Local egg producer fears drop in sales after recall


At Sunrise Farms in Petaluma, it's never been a question of which came first because the eggs -- a million a day -- just always seem to keep coming. However, now the question is whether customers will keep coming back for more.

"My concern is consumer confidence," says Arnie Riebli from Sunrise Farms.

Sunrise Farms is part of a collective that provides nearly all the eggs sold in Northern California grocery stores.

They're not part of the recall that now covers more than half a billion eggs, but as head as head of the California Egg Farmers, Riebli fears consumers might not know that or care.

"I'm disappointed that it happened, that my industry allowed that to happen. I think we could have done a better job," says Riebli.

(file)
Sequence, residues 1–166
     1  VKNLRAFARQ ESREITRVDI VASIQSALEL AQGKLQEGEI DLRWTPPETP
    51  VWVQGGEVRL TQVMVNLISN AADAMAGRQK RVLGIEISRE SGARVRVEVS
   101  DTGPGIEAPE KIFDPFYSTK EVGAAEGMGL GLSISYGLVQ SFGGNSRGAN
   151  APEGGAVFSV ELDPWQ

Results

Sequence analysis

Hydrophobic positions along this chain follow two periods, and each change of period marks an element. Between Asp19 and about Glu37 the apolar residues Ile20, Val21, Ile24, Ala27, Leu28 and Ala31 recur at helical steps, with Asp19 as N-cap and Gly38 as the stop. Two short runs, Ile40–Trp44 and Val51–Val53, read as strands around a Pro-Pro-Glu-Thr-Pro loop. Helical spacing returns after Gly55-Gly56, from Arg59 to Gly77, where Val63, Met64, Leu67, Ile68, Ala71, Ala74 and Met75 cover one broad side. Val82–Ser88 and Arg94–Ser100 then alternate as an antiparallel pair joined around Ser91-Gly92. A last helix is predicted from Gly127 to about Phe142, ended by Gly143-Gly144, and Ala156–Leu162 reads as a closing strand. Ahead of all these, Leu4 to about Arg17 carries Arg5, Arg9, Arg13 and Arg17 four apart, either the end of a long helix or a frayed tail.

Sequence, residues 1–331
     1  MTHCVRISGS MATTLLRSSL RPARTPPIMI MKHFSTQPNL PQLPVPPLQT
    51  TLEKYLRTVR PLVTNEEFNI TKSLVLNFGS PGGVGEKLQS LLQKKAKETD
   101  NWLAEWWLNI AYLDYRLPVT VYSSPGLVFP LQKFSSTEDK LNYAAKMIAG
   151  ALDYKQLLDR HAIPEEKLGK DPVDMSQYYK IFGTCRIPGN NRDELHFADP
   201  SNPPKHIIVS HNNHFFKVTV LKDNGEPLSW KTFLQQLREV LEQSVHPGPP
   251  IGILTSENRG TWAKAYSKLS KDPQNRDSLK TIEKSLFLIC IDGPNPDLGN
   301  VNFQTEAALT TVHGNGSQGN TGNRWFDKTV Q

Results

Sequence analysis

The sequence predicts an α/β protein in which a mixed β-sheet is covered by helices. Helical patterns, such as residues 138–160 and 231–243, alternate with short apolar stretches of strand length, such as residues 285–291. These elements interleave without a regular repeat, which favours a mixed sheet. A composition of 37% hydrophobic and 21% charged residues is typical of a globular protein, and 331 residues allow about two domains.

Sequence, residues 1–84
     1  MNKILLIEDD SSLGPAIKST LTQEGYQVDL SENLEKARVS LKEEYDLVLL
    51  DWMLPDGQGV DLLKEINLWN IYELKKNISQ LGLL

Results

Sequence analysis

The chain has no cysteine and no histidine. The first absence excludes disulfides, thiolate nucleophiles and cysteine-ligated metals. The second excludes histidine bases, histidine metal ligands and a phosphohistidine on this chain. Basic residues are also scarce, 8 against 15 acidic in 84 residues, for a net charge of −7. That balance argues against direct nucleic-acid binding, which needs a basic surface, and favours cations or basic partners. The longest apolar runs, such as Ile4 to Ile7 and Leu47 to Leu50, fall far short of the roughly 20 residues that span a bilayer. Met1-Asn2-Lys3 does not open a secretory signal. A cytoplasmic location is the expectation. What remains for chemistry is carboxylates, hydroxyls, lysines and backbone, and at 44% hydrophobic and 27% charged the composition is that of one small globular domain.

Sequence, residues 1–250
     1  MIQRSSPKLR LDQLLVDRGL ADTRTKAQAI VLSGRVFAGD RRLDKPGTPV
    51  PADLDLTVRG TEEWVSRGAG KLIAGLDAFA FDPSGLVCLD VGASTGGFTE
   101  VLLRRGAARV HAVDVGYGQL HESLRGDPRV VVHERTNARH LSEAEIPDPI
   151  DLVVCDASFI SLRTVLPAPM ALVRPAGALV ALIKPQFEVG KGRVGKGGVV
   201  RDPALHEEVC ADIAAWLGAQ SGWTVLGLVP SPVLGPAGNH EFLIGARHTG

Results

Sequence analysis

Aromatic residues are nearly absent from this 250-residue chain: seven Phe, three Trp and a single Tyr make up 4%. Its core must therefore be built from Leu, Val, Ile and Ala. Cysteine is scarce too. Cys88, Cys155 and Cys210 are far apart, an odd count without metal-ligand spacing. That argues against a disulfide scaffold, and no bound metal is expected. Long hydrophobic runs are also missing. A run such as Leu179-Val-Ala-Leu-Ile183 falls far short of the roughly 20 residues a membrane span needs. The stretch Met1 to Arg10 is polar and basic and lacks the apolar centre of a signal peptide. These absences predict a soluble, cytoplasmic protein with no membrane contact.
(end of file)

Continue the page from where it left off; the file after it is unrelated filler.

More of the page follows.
The FDA said it appears the outbreak is linked and limited to a pair of Iowa farms.

"This is the first major food safety issue that I'm aware of associated with his companies," says FDA commissioner Dr. Margaret Hamburg.

Investigators are still trying to determine exactly what caused the contamination.

While the FDA has acknowledged that the federal government may have been slow to respond to the salmonella outbreak caused by tainted eggs, California growers like those here at Sunrise Farms say they've long been ahead of the curve.

"We have been doing salmonella testing for 15 years," says Riebli.

For protective measure, hens at Sunrise also see a vet more than most humans see a doctor -- four times a year.

Eggs are washed down before they're shipped stores and birds are kept out of contact with feces.

While the FDA warns against eating runny yolks, Riebli isn't changing his ways. He loves sunny-side up eggs and lots of them.

"I have five of them every morning for myself. I'm serious and my cholesterol is 185," says Riebli.

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